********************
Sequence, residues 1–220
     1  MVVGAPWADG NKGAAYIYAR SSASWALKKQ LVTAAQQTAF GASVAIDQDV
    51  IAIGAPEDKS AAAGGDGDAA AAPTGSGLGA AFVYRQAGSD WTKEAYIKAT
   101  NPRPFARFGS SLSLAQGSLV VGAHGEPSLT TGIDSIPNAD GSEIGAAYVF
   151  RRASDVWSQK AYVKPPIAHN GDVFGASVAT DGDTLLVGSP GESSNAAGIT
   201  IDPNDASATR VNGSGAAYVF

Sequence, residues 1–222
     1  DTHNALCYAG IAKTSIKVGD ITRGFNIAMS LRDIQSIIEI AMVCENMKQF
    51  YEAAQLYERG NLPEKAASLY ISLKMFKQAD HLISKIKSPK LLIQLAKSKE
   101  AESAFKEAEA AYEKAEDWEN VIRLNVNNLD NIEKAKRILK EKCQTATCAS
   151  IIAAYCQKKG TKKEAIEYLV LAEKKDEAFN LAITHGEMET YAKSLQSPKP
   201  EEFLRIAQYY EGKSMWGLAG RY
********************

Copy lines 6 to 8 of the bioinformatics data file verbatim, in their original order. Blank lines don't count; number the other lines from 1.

   201  IDPNDASATR VNGSGAAYVF

Sequence, residues 1–222
     1  DTHNALCYAG IAKTSIKVGD ITRGFNIAMS LRDIQSIIEI AMVCENMKQF